News Article | May 4, 2017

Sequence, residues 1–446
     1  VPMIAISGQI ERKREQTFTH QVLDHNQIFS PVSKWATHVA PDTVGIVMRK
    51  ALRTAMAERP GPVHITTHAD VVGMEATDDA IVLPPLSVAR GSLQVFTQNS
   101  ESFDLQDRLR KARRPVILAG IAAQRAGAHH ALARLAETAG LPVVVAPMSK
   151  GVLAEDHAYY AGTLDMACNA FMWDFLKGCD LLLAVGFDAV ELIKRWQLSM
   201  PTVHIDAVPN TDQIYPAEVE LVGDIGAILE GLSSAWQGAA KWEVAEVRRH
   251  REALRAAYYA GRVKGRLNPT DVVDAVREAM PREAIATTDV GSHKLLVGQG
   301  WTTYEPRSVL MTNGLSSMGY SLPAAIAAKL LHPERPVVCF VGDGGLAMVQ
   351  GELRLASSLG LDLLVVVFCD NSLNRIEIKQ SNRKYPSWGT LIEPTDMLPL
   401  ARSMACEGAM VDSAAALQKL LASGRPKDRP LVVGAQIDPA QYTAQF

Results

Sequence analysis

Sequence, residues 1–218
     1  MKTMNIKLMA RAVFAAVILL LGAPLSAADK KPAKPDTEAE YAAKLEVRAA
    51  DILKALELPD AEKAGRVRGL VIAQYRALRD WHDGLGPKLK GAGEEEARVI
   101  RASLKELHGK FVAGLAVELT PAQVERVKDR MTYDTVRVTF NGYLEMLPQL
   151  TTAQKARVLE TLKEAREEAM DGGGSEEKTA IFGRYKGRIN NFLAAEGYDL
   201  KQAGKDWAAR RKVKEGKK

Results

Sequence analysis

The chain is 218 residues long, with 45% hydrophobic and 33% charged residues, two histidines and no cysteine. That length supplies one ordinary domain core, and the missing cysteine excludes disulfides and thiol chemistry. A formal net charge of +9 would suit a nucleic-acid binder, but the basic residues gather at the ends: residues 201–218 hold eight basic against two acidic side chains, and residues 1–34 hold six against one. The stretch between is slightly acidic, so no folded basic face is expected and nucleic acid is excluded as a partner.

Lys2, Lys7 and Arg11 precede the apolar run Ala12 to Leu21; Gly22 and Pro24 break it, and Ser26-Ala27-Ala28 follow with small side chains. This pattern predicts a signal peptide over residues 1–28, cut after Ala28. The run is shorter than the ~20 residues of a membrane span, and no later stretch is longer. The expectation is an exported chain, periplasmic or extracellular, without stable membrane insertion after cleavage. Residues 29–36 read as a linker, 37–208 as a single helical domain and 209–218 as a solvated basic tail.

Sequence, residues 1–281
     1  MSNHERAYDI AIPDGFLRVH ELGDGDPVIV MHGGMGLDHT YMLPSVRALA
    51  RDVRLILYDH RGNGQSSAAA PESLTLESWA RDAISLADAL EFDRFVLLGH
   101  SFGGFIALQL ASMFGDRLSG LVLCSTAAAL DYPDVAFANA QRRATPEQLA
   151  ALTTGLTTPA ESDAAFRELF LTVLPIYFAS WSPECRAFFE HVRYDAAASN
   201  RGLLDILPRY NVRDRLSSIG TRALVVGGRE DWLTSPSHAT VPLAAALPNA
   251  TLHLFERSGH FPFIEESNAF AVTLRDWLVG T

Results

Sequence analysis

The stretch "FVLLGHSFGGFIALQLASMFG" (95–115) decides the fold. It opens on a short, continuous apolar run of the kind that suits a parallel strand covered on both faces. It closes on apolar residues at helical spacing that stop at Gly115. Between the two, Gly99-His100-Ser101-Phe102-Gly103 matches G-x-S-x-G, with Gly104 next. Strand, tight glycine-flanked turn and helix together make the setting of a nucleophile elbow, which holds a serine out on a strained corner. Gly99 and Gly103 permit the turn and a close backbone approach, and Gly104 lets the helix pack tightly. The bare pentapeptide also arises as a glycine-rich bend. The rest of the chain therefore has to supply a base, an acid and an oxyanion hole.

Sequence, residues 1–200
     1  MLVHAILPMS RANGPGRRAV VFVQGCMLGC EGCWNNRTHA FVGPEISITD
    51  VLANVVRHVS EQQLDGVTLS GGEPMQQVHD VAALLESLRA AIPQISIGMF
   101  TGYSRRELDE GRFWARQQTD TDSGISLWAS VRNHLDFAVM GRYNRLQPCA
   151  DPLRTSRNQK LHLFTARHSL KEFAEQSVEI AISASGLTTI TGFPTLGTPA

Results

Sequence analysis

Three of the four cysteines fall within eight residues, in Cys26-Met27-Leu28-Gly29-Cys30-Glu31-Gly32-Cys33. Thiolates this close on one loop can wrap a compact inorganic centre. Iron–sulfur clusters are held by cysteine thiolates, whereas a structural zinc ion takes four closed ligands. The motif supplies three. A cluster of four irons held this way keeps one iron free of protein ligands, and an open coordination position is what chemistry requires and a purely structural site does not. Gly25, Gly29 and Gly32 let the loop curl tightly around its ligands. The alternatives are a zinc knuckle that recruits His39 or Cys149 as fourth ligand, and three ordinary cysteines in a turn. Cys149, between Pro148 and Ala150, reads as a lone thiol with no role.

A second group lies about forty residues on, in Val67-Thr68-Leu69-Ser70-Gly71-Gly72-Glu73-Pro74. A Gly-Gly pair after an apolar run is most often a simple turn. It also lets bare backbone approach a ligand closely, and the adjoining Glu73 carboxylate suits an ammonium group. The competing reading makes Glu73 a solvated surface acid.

LearnHowToBecome.org, a leading resource provider for higher education and career information, has ranked the best colleges in Texas for 2017 based on analysis of degree programs, career resources and other student data. 50 four-year colleges and universities were highlighted for overall quality, with Rice University, Trinity University, Southern Methodist University, LeTourneau University and the University of Texas at Austin ranking as the top five. 50 two-year schools also made the list, with Texas State Technical College Waco, Western Texas College, Galveston College, Del Mar College and Navarro College coming in as the top five. All winning schools are listed below. “As Texas’ economy continues to grow, more job seekers are bolstering their resumes by earning a certificate or degree,” said Wes Ricketts, senior vice president of LearnHowToBecome.org. “Not only do these Texas colleges provide excellent academic opportunities, they also offer employment and career services that contribute to student success in the job market after college.” To be included on the “Best Colleges in Texas” list, all schools must be regionally accredited and not-for-profit institutions. Each college is ranked on a variety of data points, including number of degree programs offered, annual alumni earnings 10 years after entering college, career services, academic counseling, financial aid availability and graduation rates. Complete details on each college, their individual scores and the data and methodology used to determine the LearnHowToBecome.org “Best Colleges in Texas” list, visit: Texas’ Best Four-Year Colleges for 2017 include: Abilene Christian University Austin College Baylor University Dallas Baptist University Dallas Christian College Hardin-Simmons University Houston Baptist University Howard Payne University LeTourneau University Lubbock Christian University McMurry University Midwestern State University Rice University Saint Edward's University Sam Houston State University Southern Methodist University Southwestern Adventist University Southwestern University St Mary's University Stephen F Austin State University Tarleton State University Texas A & M International University Texas A & M University-College Station Texas A & M University-Commerce Texas Christian University Texas Lutheran University Texas State University Texas Tech University Texas Tech University Health Sciences Center Texas Woman's University The University of Texas at Arlington The University of Texas at Austin The University of Texas at Dallas The University of Texas at El Paso The University of Texas at Tyler The University of Texas Health Science Center at Houston The University of Texas Health Science Center at San Antonio The University of Texas of the Permian Basin The University of Texas-Pan American Trinity University University of Dallas University of Houston University of Houston-Clear Lake University of Mary Hardin-Baylor University of North Texas University of St Thomas University of Texas Southwestern Medical Center University of the Incarnate Word Wayland Baptist University West Texas A & M University Texas’ Best Two-Year Colleges for 2017 include: Alvin Community College Amarillo College Angelina College Austin Community College District Blinn College Brookhaven College Central Texas College Cisco College Coastal Bend College College of the Mainland Collin College Del Mar College Eastfield College El Paso Community College Frank Phillips College Galveston College Grayson College Hill College Houston Community College Howard College Kilgore College Lamar Institute of Technology Lamar State College-Port Arthur Lee College Lone Star College McLennan Community College Navarro College North Central Texas College North Lake College Northeast Texas Community College Northwest Vista College Odessa College Palo Alto College Panola College Richland College San Antonio College San Jacinto College South Plains College St Philip's College Tarrant County College District Temple College Texas State Technical College - West Texas Texas State Technical College-Waco Trinity Valley Community College Tyler Junior College Vernon College Victoria College Weatherford College Western Texas College Wharton County Junior College ### About Us: LearnHowtoBecome.org was founded in 2013 to provide data and expert driven information about employment opportunities and the education needed to land the perfect career. Our materials cover a wide range of professions, industries and degree programs, and are designed for people who want to choose, change or advance their careers. We also provide helpful resources and guides that address social issues, financial aid and other special interest in higher education. Information from LearnHowtoBecome.org has proudly been featured by more than 700 educational institutions.